|Publication number||US6326272 B1|
|Application number||US 09/442,496|
|Publication date||Dec 4, 2001|
|Filing date||Nov 18, 1999|
|Priority date||Nov 18, 1999|
|Also published as||US6483148, US20020090787|
|Publication number||09442496, 442496, US 6326272 B1, US 6326272B1, US-B1-6326272, US6326272 B1, US6326272B1|
|Inventors||Lap Chan, Cher Liang Cha|
|Original Assignee||Chartered Semiconductor Manufacturing Ltd., National University Of Singapore|
|Export Citation||BiBTeX, EndNote, RefMan|
|Patent Citations (7), Referenced by (19), Classifications (26), Legal Events (6)|
|External Links: USPTO, USPTO Assignment, Espacenet|
(1) Field of the Invention
The invention relates to the fabrication of integrated circuit devices, and more particularly, to a method of forming a self-aligned elevated transistor using the technique of silicon epitaxial growth in the manufacture of integrated circuits.
(2) Description of the Prior Art
Shallow trench isolation (STI) will be employed widely in current and future integrated circuit technologies to provide sufficient isolation between neighboring devices. However, there are a number of problematic issues in STI processes including “hump effects” and chemical mechanical polishing (CMP) induced dishing over wide trenches that must be resolved prior to its further and wider applications. The STI corner represents an abrupt transition from the transistor active area to isolation. The gate polysilicon wraparound of a sharp trench corner causes a separate conduction characteristic of the corner resulting in a “double hump” in the transistor drain current-gate voltage characteristics. It is desired to void the problem of the “hump effects.” Another problem with STI processes is that the packing density of integrated circuits will be limited by the dimensions of the isolation trenches. It is desired to fabricate an integrated circuit without the drawbacks of the STI process.
U.S. Pat. No. 4,749,441 to Christenson et al teaches a method of selective epitaxial growth (SEG) to form elevated source/drain regions. However, the gate electrode is not formed by self-aligning techniques. U.S. Pat. No. 5,686,343 to Lee teaches forming an epitaxial layer and patterning it to provide an active area. U.S. Pat. No. 5,780,343 discloses the formation of an SEG layer within a trench and forming a gate thereover. U.S. Pat. No. 5,681,776 to Hebert et al teaches SEG within a trench and then oxidation of the SEG regions to form trench isolation. U.S. Pat. No. 5,453,396 to Gonzalez et al discloses a SEG process for a DRAM.
A principal object of the present invention is to provide an effective and very manufacturable method of forming a self-aligned elevated transistor in the fabrication of an integrated circuit.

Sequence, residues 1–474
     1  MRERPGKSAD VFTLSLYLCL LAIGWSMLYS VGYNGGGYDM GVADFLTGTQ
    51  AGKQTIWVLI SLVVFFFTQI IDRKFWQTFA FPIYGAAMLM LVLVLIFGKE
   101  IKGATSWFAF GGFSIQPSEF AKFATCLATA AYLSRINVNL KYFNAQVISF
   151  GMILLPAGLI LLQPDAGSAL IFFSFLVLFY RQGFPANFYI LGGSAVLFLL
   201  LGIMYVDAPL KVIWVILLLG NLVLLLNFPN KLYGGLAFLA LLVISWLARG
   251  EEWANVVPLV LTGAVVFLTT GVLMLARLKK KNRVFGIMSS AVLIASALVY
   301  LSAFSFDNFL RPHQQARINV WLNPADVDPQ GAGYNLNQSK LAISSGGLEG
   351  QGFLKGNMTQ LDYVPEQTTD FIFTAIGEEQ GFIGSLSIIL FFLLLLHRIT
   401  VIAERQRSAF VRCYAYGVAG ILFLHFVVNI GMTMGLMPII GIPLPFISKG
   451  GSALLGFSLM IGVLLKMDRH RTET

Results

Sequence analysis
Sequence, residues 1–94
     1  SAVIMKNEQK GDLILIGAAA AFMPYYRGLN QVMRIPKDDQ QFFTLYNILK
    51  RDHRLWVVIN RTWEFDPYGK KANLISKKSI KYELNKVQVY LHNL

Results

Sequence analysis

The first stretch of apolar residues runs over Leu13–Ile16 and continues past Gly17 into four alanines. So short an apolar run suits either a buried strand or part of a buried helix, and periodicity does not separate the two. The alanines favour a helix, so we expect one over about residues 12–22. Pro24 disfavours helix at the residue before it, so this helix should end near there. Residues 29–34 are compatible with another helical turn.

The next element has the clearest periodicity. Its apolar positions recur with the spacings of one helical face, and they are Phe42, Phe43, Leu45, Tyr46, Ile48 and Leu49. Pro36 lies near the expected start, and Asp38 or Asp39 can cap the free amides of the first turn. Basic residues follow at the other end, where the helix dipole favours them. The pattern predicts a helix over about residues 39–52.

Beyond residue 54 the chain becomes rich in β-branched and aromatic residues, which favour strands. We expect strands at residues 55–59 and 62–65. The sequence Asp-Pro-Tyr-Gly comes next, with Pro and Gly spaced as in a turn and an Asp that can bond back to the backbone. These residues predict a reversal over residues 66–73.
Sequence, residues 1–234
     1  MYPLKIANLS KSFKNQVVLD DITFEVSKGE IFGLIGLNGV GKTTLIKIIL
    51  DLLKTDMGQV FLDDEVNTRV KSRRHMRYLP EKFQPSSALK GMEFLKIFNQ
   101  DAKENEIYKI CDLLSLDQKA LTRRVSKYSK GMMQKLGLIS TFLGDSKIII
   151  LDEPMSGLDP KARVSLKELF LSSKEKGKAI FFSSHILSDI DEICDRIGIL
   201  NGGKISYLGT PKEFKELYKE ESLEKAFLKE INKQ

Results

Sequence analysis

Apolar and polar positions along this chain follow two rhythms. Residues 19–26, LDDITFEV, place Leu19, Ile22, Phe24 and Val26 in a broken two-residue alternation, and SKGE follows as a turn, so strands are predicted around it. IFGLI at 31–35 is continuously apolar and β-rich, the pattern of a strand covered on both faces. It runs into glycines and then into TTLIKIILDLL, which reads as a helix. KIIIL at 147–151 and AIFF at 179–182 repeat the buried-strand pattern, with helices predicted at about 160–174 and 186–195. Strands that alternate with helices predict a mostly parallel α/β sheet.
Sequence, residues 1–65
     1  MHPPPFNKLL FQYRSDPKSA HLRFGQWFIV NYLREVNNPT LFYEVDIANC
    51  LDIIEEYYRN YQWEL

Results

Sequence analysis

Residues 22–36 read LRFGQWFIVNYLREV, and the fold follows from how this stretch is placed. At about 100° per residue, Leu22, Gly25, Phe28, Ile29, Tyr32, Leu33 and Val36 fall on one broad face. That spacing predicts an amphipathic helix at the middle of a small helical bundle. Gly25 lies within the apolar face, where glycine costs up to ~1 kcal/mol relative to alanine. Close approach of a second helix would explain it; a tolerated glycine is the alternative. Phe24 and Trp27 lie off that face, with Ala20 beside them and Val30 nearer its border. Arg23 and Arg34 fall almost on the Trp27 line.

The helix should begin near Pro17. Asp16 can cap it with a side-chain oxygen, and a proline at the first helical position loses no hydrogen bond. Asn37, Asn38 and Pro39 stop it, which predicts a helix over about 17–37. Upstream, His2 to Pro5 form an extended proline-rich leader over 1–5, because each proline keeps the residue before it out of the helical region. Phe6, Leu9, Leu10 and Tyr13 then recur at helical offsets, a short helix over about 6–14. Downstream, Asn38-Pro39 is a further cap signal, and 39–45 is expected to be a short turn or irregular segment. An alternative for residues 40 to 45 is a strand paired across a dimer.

Another object of the present invention is to provide a method of forming a self-aligned elevated transistor using selective epitaxial growth in the fabrication of an integrated circuit.
Yet another object of the present invention is to provide a method of forming a self-aligned elevated transistor wherein there is absolute control over junction depth.
A further object of the invention is to provide a method of forming a self-aligned elevated transistor using selective epitaxial growth wherein there is absolute control over junction depth.
A still further object of the invention is to provide a method of forming a self-aligned elevated transistor wherein the packing density of integrated circuits is not limited by the dimension of isolation trenches.
Yet another object of the present invention is to provide a method of forming a self-aligned elevated transistor without the use of shallow trench isolation.
A still further object of the invention is to provide a method of forming a self-aligned elevated transistor using selective epitaxial growth wherein the packing density of integrated circuits is not limited by the dimension of isolation trenches.
In accordance with the objects of this invention the method of forming a self-aligned elevated transist or using selective epitaxial growth wherein the packing density of integrated circuits is not limited by the dimension of isolation trenches is achieved. An oxide layer is provided overlying a semiconductor substrate. The oxide layer is etched through to the semiconductor substrate to form a trench having a lower portion contacting the substrate and an upper portion having a width larger than the width of the lower portion. A silicon layer is grown within the trench using selective epitaxial growth wherein the silicon layer fills the lower portion and partially fills the upper portion wherein the thickness of the silicon layer partially filling the upper portion is controlled. A liner oxide layer is deposited overlying the oxide layer and the silicon layer within the trench. Nitride spacers are formed on the sidewalls of the trench over the liner oxide layer. The liner oxide is removed where it is not covered by the nitride spacers overlying the silicon layer. A gate oxide layer is grown overlying the silicon layer within the trench. A polysilicon layer is deposited overlying the oxide layer and within the trench and etched back to form a gate electrode within the trench between the nitride spacers. The nitride spacers are etched away where they are not covered by the gate electrode leaving thin nitride spacers on sidewalls of the gate electrode and exposing the liner oxide overlying the silicon layer at edges of the trench. The exposed liner oxide is etched away. Ions are implanted into the silicon layer at the edges of the trench whereby source and drain pockets are formed within the silicon layer and wherein the controlled thickness of the silicon layer partially filling the upper portion of the trench corresponds to a desired junction depth of the source/drain pockets. The gate electrode and source/drain pockets are silicided. A dielectric layer is deposited overlying the oxide layer and silicided source/drain pockets and silicided gate electrode within the trench wherein the gate electrode and the source/drain pockets form the self-aligned elevated transistor in the fabrication of an integrated circuit.